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Genomics pioneer

Fraser-Liggett moves her team into the University of Maryland’s BioPark in Baltimore

by Steve Berberich | Staff Writer | The Gazette

The University of Maryland’s School of Medicine in Baltimore is so committed to developing personalized medicine, and its commercial potential, that it has lured a star player in genome sciences away from Rockville, the bedrock of the cutting-edge field.

That pioneer is Claire M. Fraser-Liggett, who accepted an offer last year to head the school’s new Institute for Genome Sciences.

Since 1998, Fraser-Liggett had been president and director of The Institute for Genomic Research in Rockville, a now-defunct nonprofit that deciphered and analyzed genomes, the basis for personalized medicine. She has been a fixture in genomics discoveries for more than a decade and was married to, and led a career parallel with, human genome pioneer J. Craig Venter for more than 20 years.

This summer, Fraser-Liggett and about 80 employees of her new institute will move into a 40,000-square-foot laboratory and office suite on the fifth and sixth floors of the new Building 2 in the university’s BioPark. She brought 60 employees from TIGR, including 12 senior faculty members.

‘It is terrific new space,” Fraser-Liggett said. ‘‘To have the opportunity to design that amount of space was a very large part of the attraction for me.”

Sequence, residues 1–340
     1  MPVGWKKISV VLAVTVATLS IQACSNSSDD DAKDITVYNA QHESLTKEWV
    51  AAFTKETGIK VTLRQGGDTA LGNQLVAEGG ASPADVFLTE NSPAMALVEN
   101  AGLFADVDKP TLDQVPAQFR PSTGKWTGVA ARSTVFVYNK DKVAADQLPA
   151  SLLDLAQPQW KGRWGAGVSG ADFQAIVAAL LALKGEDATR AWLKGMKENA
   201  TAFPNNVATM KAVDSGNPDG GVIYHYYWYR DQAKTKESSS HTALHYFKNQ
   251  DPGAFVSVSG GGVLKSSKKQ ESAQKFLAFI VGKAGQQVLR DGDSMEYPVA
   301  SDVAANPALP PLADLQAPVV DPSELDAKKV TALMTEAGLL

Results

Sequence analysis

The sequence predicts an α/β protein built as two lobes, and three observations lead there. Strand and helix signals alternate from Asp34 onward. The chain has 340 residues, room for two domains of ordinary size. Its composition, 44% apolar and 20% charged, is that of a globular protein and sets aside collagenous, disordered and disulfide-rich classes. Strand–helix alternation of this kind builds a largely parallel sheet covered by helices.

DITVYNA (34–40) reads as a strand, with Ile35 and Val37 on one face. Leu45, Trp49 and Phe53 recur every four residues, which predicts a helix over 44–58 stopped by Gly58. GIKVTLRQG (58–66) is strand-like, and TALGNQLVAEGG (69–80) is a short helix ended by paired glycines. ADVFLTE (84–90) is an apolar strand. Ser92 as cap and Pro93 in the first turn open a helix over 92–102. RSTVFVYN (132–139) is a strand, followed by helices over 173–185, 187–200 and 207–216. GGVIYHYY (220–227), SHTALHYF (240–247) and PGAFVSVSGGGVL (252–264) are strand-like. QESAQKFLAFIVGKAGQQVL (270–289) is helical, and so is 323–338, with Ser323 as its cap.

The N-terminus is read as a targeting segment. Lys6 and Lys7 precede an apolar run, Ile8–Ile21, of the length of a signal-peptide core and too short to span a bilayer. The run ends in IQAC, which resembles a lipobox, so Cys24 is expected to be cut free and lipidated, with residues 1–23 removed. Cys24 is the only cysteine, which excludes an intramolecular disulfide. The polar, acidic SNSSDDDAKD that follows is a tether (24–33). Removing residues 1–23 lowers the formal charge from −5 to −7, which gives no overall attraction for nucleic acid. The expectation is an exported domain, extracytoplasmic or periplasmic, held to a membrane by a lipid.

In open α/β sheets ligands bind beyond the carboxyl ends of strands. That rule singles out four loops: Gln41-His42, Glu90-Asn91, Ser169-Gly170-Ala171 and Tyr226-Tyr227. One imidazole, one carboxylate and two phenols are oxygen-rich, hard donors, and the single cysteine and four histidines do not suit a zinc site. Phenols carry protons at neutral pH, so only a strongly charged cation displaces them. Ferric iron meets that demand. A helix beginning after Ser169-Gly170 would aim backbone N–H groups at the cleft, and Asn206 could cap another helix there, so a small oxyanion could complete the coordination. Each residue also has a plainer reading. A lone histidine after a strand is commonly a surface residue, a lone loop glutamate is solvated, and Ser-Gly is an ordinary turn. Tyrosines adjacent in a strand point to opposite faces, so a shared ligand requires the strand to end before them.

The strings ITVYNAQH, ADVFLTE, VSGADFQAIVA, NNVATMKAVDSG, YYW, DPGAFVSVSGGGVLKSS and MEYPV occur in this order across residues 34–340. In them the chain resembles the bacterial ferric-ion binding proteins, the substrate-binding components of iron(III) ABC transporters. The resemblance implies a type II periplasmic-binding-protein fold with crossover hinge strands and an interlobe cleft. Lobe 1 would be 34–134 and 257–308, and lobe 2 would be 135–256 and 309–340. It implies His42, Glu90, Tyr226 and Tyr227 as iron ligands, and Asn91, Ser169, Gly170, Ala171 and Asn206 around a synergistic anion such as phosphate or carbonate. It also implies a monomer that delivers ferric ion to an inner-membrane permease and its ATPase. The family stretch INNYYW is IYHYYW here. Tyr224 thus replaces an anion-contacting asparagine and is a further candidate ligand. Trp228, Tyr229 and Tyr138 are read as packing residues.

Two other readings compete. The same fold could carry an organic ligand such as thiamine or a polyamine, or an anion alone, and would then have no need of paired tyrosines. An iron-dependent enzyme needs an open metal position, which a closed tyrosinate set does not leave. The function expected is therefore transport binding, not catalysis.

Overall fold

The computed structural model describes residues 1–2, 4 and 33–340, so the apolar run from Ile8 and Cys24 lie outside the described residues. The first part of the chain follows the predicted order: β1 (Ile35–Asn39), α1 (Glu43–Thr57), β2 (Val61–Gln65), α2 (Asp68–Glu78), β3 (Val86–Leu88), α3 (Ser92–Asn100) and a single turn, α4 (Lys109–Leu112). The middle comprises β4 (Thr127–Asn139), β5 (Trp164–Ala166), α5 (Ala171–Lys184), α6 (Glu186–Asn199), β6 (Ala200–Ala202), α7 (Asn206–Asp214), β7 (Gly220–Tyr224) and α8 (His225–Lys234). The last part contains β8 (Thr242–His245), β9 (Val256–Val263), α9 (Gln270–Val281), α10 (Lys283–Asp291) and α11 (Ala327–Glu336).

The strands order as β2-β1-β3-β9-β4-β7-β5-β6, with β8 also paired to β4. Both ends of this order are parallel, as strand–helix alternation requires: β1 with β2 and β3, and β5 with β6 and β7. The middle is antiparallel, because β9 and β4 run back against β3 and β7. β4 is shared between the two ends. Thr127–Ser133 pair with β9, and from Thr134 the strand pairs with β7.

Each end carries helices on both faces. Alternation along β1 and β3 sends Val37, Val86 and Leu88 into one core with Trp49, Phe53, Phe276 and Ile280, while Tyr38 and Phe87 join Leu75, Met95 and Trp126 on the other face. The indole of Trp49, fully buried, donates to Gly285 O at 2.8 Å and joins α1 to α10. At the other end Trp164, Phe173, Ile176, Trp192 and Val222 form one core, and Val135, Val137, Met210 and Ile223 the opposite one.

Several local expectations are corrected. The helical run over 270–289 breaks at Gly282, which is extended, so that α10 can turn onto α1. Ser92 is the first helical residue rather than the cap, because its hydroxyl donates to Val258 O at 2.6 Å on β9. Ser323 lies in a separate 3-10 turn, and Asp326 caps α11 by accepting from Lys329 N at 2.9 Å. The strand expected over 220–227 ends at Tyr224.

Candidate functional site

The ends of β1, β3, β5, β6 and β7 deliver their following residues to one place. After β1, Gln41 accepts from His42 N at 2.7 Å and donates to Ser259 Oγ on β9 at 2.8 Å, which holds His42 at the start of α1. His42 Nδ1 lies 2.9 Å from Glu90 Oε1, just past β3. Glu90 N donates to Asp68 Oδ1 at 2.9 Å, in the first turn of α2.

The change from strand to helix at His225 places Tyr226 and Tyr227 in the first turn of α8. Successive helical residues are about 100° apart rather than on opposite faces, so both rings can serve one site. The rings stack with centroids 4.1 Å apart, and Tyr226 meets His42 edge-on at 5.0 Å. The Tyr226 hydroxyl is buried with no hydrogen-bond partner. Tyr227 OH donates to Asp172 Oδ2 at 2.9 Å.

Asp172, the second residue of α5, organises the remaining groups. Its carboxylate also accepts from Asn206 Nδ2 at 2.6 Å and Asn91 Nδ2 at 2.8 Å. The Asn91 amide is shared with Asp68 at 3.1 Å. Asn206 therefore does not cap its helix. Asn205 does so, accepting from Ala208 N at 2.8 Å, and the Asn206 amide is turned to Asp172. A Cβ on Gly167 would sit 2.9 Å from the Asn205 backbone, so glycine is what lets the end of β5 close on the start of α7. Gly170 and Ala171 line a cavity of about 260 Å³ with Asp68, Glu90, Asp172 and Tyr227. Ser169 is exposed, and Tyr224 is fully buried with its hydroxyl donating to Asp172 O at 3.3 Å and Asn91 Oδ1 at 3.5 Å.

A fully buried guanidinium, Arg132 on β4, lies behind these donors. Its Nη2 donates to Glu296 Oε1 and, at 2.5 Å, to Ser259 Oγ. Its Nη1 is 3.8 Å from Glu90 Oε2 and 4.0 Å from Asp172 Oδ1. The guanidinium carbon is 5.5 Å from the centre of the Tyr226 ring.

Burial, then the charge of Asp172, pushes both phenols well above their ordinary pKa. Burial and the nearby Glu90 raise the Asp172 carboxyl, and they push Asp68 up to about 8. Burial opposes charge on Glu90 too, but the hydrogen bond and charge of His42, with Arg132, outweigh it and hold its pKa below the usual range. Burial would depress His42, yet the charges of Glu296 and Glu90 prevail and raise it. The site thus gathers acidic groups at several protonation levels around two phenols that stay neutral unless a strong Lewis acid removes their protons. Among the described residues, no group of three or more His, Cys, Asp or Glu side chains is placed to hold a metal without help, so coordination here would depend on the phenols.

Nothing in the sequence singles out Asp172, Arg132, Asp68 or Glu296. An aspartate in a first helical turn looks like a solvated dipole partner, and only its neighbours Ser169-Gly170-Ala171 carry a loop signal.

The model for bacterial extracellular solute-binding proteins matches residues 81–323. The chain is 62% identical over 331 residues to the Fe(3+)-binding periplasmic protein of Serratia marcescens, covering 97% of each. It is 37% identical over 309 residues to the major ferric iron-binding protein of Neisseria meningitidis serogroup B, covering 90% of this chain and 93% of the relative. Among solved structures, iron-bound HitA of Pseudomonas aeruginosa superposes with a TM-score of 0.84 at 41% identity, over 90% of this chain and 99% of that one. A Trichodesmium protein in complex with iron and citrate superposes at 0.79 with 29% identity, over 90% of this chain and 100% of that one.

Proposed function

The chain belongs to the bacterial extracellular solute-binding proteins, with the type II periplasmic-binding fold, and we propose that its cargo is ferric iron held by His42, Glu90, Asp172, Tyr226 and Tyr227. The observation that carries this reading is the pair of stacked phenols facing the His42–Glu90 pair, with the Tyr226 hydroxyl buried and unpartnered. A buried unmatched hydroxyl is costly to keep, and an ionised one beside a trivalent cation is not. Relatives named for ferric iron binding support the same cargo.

The BioPark calls for an eventual total of 10 buildings. It is in a residential and commercial tract just west of the main campus, with a price tag of $500 million and a final build-out of 1.2 million square feet of laboratory and office space.

Snagging Fraser-Liggett ‘‘will fuel the expansion of genomic research at the School of Medicine,” said its dean, E. Albert Reece, in a statement.

‘‘She has had a history of good business interactions,” said Bruce E. Jarrell, the school’s vice dean for research and academic affairs. ‘‘We would welcome that sort of thing.” And, he added, ‘‘she is obviously a world-class scientist.”

‘She’s in a big frontier area’

Fraser-Liggett is the most frequently cited scientist in the field of microbiology for the past 11 years. At TIGR, she formed partnerships with Novartis’ vaccine division and other pharmaceutical companies, and she serves on the board of Becton, Dickinson & Co.

The school recruited Fraser-Liggett, Jarrell said, because ‘‘she happens to be in a field that we in medicine think is a big frontier area where there will be a lot of important discoveries to come. Those will be even more relevant if they are done in cooperation with clinical scientists.”

Since the human genome was fully sequenced in June 2000, the much-ballyhooed launch of personalized medicine has been slow to develop, according to critics.

Still, genomics has revealed genes or combinations of genes that cause certain diseases, significantly sharpened testing for risk of rare diseases, led to better diagnostic kits and revealed some drug metabolizing differences between individuals. Together, these advances represent a personalizing of medicine that is likely to result in cost savings to consumers, observers say.